April 29, 2016

Sensitivity Analysis of New Corn and Soybean Pricing Models

Scott Irwin and Darrel Good

Department of Agricultural and Consumer Economics
University of Illinois

farmdoc daily (6):82


Recommended citation format: Irwin, S., and D. Good. "Sensitivity Analysis of New Corn and Soybean Pricing Models." farmdoc daily (6):82, Department of Agricultural and Consumer Economics, University of Illinois at Urbana-Champaign, April 29, 2016.

Permalink: http://farmdocdaily.illinois.edu/2016/04/sensitivity-analysis-of-new-corn-soybean-pricing-models.html


In the farmdoc daily article of April 6, 2016 we offered a new specification for the relationship between the marketing year ending stocks-to-use ratio and the marketing year average farm price for corn and soybeans. We used the models in a farmdoc daily article of April 13, 2016 to make price forecasts for the 2016-17 marketing year based on alternative corn and soybean balance sheet projections. We also used the models in a farmdoc daily article of April 22, 2016 to make projections of "new era" average prices and found that these were very consistent with earlier projections based on a simpler methodology. Because the new stocks and price models are based on a stronger economic foundation, we were more confident in these results. One issue we have not investigated is the sensitivity of the new models and forecasting results to alternative functional forms. Since the relationship between price and the stocks-to-use ratio is presumed to be inherently non-linear, it is important to determine the degree of sensitivity to alternative ways of modeling this non-linearity. In this article, we first review our benchmark reciprocal regression models for corn and soybeans and then estimate linear-logarithmic and logarithmic-logarithmic ("double-log") specifications for comparison. Finally, we compare 2016-17 price forecasts and new era average price projections for the three alternative specifications to quantify the degree of sensitivity.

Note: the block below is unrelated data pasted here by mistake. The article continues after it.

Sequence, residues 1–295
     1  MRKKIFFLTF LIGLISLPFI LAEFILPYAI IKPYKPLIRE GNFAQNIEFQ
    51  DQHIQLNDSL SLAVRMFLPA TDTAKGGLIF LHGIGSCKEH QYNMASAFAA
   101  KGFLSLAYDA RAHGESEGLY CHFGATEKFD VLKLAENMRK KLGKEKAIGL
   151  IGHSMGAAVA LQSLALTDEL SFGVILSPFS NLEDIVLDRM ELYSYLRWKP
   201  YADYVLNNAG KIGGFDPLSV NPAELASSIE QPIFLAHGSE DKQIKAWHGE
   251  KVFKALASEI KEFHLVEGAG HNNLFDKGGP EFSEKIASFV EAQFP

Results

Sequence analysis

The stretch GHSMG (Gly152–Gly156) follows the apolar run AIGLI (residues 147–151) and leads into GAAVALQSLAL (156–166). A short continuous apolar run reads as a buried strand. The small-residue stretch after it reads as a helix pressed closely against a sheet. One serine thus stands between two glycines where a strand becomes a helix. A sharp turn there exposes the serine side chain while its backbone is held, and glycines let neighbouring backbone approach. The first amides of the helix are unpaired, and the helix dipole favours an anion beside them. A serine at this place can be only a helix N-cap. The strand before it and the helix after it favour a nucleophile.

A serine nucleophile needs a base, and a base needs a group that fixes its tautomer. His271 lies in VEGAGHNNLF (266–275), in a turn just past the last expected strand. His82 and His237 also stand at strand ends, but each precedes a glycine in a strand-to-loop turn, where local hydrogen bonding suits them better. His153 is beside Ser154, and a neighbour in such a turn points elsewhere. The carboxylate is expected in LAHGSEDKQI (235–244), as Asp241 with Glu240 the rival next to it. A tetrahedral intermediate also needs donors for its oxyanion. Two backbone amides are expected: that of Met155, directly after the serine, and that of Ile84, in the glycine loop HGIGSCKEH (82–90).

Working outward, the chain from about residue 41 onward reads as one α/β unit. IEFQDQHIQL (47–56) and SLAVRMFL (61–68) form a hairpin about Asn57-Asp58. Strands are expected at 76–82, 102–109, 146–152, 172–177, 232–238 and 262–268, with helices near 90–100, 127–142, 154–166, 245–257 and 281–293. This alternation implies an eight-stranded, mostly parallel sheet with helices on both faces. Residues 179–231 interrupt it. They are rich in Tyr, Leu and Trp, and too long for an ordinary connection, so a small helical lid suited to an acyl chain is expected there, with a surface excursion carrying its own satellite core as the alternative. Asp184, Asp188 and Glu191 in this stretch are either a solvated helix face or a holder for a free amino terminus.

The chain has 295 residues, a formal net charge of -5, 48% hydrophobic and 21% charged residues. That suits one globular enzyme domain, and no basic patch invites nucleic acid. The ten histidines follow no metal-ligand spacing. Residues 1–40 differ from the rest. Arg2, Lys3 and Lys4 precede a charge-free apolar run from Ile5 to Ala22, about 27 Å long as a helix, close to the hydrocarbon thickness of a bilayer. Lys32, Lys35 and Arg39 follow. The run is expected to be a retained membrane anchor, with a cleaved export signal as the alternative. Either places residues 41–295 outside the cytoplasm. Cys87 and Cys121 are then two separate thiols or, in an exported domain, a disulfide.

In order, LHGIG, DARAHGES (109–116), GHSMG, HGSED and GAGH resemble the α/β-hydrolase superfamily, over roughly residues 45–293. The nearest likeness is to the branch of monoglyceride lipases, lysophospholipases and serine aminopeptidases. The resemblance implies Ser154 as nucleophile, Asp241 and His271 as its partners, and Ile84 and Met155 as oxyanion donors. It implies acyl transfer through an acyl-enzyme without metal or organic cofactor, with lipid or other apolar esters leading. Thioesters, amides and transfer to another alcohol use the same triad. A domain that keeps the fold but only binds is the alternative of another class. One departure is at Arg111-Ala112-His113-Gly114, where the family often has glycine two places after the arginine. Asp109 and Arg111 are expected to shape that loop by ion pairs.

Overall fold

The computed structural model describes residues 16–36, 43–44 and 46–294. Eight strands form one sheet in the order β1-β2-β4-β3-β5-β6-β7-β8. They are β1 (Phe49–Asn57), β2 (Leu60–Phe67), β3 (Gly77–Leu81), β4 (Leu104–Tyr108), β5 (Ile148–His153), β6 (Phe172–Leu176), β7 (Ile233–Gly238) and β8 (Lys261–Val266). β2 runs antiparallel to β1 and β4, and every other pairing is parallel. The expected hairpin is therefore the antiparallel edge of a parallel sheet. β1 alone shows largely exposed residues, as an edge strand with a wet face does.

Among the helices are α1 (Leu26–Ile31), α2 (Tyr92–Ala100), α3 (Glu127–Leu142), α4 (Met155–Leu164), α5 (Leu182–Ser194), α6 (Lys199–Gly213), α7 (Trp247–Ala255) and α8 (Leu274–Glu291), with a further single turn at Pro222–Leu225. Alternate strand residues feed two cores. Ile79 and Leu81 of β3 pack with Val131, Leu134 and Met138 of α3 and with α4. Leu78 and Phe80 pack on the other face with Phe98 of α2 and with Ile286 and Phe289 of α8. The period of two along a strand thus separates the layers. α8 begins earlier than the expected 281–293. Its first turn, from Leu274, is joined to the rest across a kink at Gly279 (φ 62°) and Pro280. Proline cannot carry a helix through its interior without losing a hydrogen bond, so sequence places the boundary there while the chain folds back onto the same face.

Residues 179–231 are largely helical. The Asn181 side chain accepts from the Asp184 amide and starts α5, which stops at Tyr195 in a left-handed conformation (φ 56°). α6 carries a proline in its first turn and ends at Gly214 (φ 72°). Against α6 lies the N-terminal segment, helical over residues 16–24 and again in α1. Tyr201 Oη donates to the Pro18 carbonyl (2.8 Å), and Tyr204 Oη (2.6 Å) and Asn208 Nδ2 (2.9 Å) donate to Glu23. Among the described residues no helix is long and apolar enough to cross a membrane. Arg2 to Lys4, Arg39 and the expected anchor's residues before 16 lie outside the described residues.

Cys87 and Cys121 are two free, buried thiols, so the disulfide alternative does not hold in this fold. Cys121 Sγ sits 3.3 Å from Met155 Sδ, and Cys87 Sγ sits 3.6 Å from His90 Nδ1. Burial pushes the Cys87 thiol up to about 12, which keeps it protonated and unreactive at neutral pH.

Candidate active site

Review of New Ending Stocks and Price Models

The marketing year ending-stocks-to use ratio is a widely used indicator of the supply and demand "tightness" of corn and soybean market conditions and is very commonly used to project prices. Tomek and Kaiser (2014, p. 378) classify price and ending stocks-to-use regression models as "price determination equations" rather than formal structural models of supply and demand. They point out the complexity of realistic structural models that have separate equations for supply and the various demand categories. As a result, analysts often turn to, "...graphs, tables, and simple regression models of price determination to summarize information." They also helpfully observe that, "The research objective may be to provide a forecasting tool, but more generally, the analysis helps the researcher depict current economic conditions relative to the historical evidence." The bottom-line is that these types of models, while useful in forecasting, cannot be directly derived (at least easily) from underlying structural and mathematical models of supply and demand.

In a recent article (farmdoc daily, April 6, 2016), we estimated a base reciprocal regression model of the U.S farm price of corn and soybeans and the ending stocks-to-use ratio for the period 1990-91 through 2005-2006, skipped 2006-07 as a transition year, and then estimated relationships after 2005-06 that are exactly parallel to the base period model. We selected the reciprocal functional form because it is simple and imposes the presumed non-linear relationship between price and the stocks-to-use ratio. As Tomek and Kaiser (2014, p. 379) note, "This accommodates the idea that, as current stocks approach zero (but cannot be less than zero), price must necessarily rise sharply to ration these stocks among competing demands." In our new model, we assumed the slope is unchanged between the base period and relationships after 2005-06, but the intercept varies in the latter period to reflect demand shifts that occurred after 2005-06. We further grouped the years after 2005-06 into four demand scenarios for corn (weak, moderate 1, moderate 2, and strong) and three demand scenarios for soybeans (weak, moderate, and strong).